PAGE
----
In what may be one of the most dramatic reforms in recent Pennsylvania history, the Criminal Justice Reform Act was signed into law by Gov. Tom Corbett in July. Looking to remedy the inherent flaws and growing strain on the inefficient Pennsylvania justice system, the Act hopes to reduce prison populations and cut costs while shifting focus towards rehabilitation as opposed to punishment.

As a state that has garnered the reputation as being one of the most punitive in the nation, the reforms could not come soon enough. The consequences of strict sentencing and reactive law enforcement over the past two decades have led to a state prison population of 51,757. This huge amplification in prisoners comes out to a 40% increase over the last 12 years. The corrections budget has ballooned to $1.86 billion a year, with these funds unable to remedy the fact that 26 penitentiaries were found to be over capacity by at least 4,000 inmates. These numbers are alarming, disturbing and unsustainable.

The mandatory minimum sentences, for-profit prisons and lack of diversionary programs have been the three largest contributors to this mess the justice system has found itself in. Locking up offenders for minimum terms, particularly non-violent criminals, without considering the situation is a reactive approach that is not welcome in a society that prides itself on due process and justice.

Minimum sentences are obviously huge benefits for corporations that own the prisons that profit from extended jail stays. This conflict of interest is unconscionable but has continued to be prevalent throughout our county, mainly because of public misinformation and selfish financial interests of the few. Not only are prisoners given mandatory, arbitrary sentences, they are also not given ample opportunities to rehabilitate and learn how to be a productive member of society. This vicious cycle makes it more difficult for a Pennsylvania criminal defense attorney to fairly represent an alleged offender when the odds are completely out of their favor.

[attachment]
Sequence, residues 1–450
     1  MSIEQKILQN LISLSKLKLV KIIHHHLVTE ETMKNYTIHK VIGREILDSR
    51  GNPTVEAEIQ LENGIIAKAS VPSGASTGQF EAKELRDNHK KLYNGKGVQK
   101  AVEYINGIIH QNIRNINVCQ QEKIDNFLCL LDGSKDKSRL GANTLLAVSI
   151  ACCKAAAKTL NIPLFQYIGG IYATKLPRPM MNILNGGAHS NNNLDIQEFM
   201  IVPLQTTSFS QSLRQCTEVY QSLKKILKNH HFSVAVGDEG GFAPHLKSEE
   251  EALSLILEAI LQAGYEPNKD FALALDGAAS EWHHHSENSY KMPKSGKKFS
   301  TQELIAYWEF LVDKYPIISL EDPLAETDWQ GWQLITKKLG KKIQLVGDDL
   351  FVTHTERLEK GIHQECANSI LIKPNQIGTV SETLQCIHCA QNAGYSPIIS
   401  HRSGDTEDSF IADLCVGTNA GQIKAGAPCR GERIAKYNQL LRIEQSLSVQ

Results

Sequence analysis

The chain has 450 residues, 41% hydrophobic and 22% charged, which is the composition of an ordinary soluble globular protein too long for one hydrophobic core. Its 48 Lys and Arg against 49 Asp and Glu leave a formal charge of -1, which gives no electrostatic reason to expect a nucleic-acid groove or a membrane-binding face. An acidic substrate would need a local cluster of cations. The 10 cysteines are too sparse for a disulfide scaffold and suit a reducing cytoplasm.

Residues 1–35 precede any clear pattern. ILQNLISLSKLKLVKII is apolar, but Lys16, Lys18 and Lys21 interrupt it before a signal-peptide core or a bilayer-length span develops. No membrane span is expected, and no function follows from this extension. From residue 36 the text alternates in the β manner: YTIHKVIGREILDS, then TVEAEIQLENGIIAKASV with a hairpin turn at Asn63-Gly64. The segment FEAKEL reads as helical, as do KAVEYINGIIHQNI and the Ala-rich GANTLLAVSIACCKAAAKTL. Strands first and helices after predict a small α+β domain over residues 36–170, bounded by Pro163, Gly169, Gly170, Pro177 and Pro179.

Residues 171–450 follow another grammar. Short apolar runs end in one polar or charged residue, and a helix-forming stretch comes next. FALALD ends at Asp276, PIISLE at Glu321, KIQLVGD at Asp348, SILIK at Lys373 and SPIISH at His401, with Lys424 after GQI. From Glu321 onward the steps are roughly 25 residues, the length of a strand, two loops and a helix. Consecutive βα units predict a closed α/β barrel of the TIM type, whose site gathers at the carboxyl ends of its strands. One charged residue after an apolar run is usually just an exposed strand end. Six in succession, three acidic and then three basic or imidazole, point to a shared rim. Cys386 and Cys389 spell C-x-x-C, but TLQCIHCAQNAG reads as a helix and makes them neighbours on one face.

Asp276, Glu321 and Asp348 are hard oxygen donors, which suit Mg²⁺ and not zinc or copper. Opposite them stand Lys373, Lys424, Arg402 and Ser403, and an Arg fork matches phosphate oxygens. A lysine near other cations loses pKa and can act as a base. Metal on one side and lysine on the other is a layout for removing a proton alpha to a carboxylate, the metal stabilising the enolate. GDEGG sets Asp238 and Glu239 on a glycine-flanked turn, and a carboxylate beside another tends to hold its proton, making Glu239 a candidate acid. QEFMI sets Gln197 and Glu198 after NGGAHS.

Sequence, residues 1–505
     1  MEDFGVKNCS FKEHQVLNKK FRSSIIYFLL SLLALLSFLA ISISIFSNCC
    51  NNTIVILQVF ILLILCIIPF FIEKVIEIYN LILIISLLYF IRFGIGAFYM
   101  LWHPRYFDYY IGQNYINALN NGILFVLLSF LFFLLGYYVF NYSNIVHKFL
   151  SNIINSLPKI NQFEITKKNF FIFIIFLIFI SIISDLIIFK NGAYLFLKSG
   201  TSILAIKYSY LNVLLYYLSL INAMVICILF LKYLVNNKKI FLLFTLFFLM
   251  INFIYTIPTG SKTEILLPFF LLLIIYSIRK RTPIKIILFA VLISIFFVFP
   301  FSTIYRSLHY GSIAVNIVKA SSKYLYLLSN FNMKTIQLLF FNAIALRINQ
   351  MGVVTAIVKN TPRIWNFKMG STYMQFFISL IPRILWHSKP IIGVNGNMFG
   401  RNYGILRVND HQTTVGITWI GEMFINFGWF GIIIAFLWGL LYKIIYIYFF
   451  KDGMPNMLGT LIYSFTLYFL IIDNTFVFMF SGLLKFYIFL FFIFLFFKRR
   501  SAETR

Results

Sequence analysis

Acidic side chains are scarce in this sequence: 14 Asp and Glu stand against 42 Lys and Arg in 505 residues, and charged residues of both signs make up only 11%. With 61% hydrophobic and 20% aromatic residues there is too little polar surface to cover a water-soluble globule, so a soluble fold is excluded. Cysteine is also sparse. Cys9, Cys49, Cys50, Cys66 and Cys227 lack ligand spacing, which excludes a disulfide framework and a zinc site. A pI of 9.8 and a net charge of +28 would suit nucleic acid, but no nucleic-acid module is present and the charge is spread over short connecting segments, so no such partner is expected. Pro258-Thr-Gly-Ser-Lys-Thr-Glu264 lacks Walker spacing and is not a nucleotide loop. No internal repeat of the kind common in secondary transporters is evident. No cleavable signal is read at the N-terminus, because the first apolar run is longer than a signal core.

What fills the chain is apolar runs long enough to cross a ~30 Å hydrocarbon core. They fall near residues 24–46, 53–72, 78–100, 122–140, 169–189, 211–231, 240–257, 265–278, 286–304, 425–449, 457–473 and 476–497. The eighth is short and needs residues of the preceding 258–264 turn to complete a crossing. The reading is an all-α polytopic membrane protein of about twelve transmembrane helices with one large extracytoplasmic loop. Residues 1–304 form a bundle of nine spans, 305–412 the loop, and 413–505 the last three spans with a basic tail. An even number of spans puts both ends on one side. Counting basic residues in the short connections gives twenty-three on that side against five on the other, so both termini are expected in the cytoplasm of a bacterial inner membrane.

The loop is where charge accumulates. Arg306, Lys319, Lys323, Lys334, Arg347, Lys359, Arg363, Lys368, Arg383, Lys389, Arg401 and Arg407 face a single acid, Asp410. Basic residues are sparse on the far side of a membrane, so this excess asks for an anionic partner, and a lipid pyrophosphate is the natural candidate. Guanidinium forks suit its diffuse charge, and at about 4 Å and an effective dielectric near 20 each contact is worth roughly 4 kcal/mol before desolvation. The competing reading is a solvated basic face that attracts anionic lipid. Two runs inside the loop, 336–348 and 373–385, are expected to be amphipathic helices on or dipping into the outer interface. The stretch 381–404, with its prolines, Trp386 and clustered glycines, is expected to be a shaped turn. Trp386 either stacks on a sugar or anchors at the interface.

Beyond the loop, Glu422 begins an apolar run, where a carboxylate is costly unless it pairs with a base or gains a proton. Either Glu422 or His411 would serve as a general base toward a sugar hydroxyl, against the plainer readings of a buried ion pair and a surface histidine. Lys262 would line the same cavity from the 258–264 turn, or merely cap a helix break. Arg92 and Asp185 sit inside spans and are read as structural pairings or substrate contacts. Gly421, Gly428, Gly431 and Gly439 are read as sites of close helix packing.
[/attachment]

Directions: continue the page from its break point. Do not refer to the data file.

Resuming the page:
Considering the recidivism rate in Pennsylvania shows that 46% of offenders are back behind bars within three years ($244 million spent on this alone), the Reform Act has become a vital aspect of our justice system going forward. As a point of comparison, the country of Norway is known to have one of the most progressive prison systems in the world and currently has a recidivism rate of 20%.

The Criminal Justice Reform Act makes many changes to the Pennsylvania criminal justice system. Some of the substantial revisions include expanding the eligibility for intermediate punishment, a program for nonviolent offenders convicted of an offense motivated by the use or addiction to drugs, along with banning defendants convicted of certain misdemeanors from serving their sentences in state prison.  In addition, the Act moves to establish as a default that parolees are returned to community corrections centers, in lieu of state prison, for most parole violations.

One of the most progressive aspects of the bill is the requirement to reinvest any savings from reducing the prison population to create a risk-assessment tool for judges when sentencing defendants, to fund local law enforcement and to give judicial districts and incentive to divert defendants to county jails through programming such as treatment and drugs courts.

The measures mandated by the Criminal Justice Reform Act are projected to lower Pennsylvania’s prison population by as many as 4,000 inmates over four years and to save up to $370 million in five years. The fact that it has taken this long to reach a simple conclusion is frustrating, considering that many accused criminals (many of which are non-violent) have languished in prison without any options to move in the right direction. It is vital that our state lawmakers implement this Act in a timely and efficient manner, allowing our society to evolve and become safer.

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